Research highlight

Materials: Taking 3D printing to a fourth dimension

Scientific Reports

December 18, 2014

The introduction of a fourth dimension into 3D-printed materials, producing dynamic structures that can change shape in response to their environment, is described in Scientific Reports this week. This technique may prove to be useful for medical applications based on soft robotics. The materials can stretch, fold and bend into predetermined shapes when submerged in water, thereby altering property and function of the material post-fabrication, in contrast to conventional 3D printing, where the outcome remains static.

Dan Raviv and colleagues introduce a fourth dimension - time - by using materials that can change shape after they have been printed. Their approach prints 3D structures using materials with different properties: one that remains rigid and another that expands up to 200% of the original volume. The expanding materials can be placed strategically on the main structure to produce joints that can stretch and fold like a bendy straw when activated by water to produce a broad range of shapes with complex geometries. For example, a 3D-printed shape that resembles the initials “MIT” is shown to evolve into another formation that looks like the initials “SAL”. They further designed several new structures that can bend and stretch to form complex geometry deformations in time. Several 2D grids were printed and tested for different pre-programmed deformations, forming curved shapes when placed in water.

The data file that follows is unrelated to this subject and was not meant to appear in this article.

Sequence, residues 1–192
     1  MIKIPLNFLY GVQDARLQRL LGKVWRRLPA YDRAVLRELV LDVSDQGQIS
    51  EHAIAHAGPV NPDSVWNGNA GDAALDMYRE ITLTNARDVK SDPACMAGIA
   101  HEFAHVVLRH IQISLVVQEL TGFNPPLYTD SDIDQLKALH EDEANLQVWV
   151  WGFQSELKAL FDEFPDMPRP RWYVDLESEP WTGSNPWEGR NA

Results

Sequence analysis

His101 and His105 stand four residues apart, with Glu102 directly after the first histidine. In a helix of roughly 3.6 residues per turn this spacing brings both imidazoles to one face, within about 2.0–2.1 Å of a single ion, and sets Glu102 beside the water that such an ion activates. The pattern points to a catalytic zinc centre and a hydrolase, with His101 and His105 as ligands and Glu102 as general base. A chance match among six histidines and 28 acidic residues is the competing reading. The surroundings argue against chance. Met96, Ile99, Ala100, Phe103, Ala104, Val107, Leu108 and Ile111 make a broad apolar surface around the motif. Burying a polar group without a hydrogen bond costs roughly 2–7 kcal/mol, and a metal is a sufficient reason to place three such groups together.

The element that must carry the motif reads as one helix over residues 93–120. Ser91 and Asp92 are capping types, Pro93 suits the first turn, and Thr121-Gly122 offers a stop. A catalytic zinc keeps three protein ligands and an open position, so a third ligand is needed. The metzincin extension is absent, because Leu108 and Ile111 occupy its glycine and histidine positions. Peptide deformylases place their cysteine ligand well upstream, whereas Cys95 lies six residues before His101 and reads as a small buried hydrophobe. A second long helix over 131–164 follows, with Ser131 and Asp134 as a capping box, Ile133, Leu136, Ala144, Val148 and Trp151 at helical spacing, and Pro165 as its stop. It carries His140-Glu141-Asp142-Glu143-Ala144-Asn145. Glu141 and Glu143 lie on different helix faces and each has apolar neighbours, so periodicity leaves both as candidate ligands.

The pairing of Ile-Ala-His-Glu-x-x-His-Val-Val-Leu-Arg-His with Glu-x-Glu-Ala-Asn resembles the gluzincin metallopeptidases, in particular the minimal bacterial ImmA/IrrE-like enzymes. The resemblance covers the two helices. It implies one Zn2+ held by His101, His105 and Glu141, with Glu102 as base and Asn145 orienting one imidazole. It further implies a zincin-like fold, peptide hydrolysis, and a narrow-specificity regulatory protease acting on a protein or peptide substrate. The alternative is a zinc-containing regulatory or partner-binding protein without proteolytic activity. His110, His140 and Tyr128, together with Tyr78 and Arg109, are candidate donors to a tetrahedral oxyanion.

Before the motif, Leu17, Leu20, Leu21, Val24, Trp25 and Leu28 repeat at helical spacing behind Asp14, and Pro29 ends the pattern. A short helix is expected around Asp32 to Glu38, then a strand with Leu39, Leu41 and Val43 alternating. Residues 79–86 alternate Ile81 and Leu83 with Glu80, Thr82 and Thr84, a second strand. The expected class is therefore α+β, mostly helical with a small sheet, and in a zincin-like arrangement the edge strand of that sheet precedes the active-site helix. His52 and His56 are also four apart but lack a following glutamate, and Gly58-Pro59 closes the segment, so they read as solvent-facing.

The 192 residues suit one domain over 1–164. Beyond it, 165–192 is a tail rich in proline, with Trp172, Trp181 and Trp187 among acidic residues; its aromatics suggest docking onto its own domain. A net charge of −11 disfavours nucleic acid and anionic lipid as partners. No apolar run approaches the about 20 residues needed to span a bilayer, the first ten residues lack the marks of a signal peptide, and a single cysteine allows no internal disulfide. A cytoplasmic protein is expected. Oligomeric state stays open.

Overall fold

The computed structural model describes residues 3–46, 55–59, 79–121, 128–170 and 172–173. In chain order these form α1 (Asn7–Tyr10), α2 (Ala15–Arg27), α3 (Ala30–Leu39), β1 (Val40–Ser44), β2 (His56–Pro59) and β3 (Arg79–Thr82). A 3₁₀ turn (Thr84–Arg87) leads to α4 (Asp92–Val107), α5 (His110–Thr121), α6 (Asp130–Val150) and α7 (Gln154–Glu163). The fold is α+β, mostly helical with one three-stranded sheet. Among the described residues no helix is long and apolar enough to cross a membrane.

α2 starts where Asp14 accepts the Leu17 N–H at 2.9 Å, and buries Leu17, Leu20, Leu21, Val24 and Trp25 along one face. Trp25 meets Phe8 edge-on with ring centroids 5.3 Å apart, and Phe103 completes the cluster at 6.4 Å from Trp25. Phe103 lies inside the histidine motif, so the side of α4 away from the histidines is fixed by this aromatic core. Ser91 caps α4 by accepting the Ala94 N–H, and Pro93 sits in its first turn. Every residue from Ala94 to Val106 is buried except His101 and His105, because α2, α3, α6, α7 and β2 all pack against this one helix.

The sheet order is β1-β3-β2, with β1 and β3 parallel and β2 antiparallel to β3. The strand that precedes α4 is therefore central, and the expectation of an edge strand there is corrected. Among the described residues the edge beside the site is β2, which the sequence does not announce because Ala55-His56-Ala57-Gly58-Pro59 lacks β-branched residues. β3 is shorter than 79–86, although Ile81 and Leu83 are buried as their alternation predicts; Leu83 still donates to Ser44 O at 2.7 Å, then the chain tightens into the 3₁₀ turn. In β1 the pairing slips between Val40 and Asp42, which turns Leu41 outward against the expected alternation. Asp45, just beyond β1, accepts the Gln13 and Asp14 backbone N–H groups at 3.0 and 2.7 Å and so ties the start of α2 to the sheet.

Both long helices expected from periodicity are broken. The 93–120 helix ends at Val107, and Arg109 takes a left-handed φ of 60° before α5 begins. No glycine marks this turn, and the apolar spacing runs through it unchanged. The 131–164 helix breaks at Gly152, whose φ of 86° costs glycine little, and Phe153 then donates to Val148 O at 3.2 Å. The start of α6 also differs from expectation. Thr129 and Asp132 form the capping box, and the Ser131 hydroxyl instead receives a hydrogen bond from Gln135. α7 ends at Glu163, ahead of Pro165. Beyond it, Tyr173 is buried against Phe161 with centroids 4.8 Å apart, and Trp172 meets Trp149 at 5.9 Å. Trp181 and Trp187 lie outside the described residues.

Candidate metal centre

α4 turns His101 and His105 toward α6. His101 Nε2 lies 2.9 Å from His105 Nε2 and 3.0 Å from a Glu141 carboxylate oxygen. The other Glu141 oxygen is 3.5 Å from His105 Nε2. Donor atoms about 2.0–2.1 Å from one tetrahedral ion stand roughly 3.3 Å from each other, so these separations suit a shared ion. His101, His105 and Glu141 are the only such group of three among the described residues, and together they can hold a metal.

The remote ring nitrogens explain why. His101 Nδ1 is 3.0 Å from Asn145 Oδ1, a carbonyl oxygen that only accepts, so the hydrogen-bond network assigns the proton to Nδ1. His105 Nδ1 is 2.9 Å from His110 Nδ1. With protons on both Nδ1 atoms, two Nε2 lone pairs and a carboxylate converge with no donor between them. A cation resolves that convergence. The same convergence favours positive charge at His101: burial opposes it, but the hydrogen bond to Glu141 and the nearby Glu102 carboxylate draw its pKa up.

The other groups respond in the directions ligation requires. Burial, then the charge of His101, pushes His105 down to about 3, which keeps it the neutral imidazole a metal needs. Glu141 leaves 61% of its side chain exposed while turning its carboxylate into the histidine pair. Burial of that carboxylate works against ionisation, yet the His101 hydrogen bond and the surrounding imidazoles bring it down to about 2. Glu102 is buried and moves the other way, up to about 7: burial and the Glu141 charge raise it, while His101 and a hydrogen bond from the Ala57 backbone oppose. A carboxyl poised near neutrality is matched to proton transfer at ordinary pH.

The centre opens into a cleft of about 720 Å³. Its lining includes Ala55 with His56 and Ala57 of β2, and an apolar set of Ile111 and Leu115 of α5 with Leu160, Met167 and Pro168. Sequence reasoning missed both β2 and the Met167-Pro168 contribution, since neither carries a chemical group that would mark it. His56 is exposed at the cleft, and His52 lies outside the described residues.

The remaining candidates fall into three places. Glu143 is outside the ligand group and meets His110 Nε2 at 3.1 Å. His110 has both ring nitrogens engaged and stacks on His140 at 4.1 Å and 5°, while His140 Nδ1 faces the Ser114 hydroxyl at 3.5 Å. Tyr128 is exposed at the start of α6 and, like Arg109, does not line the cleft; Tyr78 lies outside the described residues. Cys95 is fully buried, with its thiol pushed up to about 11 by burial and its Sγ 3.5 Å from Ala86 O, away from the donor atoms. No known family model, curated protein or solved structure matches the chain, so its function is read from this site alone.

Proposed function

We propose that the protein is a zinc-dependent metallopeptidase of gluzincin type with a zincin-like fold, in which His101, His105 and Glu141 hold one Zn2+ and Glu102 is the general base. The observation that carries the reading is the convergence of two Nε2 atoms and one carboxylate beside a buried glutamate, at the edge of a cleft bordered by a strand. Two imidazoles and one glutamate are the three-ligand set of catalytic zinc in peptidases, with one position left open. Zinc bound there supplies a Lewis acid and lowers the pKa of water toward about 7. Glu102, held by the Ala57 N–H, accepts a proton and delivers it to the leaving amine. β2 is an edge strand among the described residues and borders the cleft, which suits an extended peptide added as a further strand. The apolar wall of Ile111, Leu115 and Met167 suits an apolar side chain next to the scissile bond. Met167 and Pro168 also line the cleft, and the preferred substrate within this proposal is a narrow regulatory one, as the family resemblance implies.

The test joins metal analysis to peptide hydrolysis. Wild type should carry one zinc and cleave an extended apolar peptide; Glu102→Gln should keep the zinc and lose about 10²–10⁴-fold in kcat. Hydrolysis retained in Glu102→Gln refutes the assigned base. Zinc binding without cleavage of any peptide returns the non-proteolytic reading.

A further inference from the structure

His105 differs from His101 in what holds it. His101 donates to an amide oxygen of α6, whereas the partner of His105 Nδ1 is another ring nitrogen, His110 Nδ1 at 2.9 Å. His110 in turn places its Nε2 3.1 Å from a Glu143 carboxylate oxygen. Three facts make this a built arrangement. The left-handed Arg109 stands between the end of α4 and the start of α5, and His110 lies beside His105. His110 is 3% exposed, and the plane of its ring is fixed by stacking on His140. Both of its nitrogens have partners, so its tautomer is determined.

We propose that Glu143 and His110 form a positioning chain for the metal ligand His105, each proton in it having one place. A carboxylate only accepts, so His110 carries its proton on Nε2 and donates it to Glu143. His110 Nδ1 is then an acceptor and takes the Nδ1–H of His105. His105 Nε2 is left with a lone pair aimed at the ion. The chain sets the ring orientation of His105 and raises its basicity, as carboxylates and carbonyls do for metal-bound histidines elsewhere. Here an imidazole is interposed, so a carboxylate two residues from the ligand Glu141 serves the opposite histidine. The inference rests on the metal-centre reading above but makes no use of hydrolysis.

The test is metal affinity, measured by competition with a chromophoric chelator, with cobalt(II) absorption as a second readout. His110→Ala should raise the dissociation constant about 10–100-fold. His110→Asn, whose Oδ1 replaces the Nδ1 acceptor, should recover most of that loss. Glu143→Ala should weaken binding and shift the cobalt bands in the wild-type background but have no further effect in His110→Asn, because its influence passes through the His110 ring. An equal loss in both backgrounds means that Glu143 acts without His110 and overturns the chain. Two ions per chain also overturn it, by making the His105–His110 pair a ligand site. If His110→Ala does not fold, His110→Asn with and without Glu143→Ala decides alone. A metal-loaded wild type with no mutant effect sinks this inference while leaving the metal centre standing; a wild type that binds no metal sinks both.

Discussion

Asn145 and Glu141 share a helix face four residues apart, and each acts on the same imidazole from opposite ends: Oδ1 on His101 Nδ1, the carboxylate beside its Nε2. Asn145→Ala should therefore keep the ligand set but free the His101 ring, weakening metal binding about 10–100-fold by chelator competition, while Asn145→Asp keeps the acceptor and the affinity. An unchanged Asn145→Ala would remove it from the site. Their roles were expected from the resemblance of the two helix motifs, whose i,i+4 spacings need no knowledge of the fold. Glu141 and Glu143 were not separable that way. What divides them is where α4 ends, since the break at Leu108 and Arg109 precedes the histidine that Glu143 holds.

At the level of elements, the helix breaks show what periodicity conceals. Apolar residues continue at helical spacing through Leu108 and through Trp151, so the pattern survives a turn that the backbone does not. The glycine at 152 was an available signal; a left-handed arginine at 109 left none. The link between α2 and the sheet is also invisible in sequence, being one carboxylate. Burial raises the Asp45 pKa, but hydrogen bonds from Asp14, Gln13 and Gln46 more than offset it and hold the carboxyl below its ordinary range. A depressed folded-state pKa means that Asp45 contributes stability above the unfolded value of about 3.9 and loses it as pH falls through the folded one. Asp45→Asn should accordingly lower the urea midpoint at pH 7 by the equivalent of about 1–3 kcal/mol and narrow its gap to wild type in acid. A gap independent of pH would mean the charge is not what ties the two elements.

The transformations can be reproduced over a few wetting and drying cycles, but repeated folding and unfolding can lead to degradation of the materials. Further testing is required to fully understand the lifespan of these dynamic materials, and the authors note that other activating stimuli, such as heat and light, could also be used to achieve similar effects.

doi: 10.1038/srep07422

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